"To prosecute president trump's children and harvey weinstein wnyc's beth fertig looks at why these cases have triggered such a reaction as a public defender in manhattan zara am at wasn't surprised when she heard the manhattan da declined to prosecute studio executive harvey weinstein back in 2015 for allegedly groping a model but she said she was disappointed to me it just highlighted this tale of two justice systems two systems because emmett says she seen defendants who aren't richer powerful get arrested for groping people on subway is especially men of color and i thought about many of my clients where there is no confession as that are less than their higher harvey weinstein case and they were still very aggressively prosecuted and their lives were ruined on even thinner evidence and even less culpability emmett is with a group called five boro defenders that's now calling for da vance to resign she says they're not just upset about the trump and weinstein cases they're worried that vance isn't serious enough about reforming the criminal justice system to make it less punitive for everyone manhattan has the highest felony filing rate has highest conviction rates has the most detainees at rikers and so that that suggest to us that in comparison to the other four boroughs it is more punitive and seeks incarceration more often than other is okay those are a lot of claims and not surprisingly vance's office disputes them let's take rikers fences spokeswoman joan valero clams emmett is pointing to inflated data from manhattan because it also includes the special narcotics prosecutor's office that's a separate division and it handles cases in all five boroughs it's true that manhattan has the highest rate a felony conviction since but more people are arrested there than any other burrow except brooklyn valero declined to be interviewed on tape but she said there is ample evidence that vance is a progressive he recently announced he'd stop prosecuting styled jumpers and he dedicated funds to a program that could keep more people out of jail before their try charles by putting them under supervised release so what's the verdict on vance i would wandering she a good bit of systematic study and more than uh you know would comes out because of a group decision not to prosecute.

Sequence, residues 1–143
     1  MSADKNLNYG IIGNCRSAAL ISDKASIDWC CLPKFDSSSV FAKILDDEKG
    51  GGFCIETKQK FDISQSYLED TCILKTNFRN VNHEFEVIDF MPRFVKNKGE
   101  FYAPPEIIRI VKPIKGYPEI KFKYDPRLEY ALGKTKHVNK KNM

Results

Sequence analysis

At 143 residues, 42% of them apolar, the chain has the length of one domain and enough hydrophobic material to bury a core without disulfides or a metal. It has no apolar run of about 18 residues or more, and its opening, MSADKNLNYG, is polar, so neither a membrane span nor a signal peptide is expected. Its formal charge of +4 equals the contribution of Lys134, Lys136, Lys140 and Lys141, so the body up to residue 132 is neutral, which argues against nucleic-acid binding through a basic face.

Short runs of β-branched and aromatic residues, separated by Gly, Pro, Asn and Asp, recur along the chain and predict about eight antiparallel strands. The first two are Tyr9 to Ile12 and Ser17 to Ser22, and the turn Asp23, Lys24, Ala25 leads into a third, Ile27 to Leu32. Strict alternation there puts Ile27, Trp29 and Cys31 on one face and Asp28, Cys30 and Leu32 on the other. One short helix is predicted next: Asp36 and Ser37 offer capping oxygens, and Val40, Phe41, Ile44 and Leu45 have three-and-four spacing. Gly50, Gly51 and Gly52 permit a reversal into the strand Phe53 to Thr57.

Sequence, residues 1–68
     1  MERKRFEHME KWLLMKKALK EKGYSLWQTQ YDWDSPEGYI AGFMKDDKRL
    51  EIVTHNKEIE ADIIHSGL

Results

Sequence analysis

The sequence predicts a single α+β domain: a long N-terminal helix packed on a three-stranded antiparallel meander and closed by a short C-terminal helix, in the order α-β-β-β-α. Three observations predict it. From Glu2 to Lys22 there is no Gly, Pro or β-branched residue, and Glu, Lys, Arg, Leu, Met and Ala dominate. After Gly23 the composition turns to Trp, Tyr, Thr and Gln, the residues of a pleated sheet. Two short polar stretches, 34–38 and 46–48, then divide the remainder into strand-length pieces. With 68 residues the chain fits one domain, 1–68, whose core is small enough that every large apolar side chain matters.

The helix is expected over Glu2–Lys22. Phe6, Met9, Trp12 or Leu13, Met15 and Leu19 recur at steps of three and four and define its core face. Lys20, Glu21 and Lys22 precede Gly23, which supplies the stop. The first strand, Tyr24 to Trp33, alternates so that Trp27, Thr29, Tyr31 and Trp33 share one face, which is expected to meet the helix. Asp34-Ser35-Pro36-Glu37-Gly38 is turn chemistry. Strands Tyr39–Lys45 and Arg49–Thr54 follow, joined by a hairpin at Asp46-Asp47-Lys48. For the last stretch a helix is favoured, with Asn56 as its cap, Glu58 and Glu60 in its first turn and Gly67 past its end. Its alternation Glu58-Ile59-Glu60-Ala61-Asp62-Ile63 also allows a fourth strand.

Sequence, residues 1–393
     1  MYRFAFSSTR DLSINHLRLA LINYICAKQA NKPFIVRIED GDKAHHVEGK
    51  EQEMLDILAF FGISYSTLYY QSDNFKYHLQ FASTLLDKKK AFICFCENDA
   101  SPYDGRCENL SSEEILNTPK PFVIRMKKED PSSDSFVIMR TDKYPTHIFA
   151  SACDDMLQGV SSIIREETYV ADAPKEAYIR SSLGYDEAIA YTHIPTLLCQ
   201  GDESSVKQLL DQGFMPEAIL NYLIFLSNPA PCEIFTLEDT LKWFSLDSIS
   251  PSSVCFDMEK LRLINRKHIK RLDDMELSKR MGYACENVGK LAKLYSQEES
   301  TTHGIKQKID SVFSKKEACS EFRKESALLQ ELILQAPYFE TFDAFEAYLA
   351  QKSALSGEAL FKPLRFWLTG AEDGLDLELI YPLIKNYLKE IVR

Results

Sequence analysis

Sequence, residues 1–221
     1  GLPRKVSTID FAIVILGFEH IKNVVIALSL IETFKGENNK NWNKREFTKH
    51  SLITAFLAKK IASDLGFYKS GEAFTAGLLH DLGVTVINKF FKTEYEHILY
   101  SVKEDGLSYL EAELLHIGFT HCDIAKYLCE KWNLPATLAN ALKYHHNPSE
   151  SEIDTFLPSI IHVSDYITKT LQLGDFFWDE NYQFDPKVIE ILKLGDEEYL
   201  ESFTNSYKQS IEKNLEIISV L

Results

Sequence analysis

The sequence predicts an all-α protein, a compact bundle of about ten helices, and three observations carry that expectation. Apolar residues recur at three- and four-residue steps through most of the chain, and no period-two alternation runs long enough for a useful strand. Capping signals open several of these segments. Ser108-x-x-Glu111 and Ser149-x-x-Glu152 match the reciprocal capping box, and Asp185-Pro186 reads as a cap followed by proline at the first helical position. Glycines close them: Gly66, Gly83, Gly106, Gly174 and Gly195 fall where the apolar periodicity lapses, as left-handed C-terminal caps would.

"beth fertig" Discussed on WNYC 93.9 FM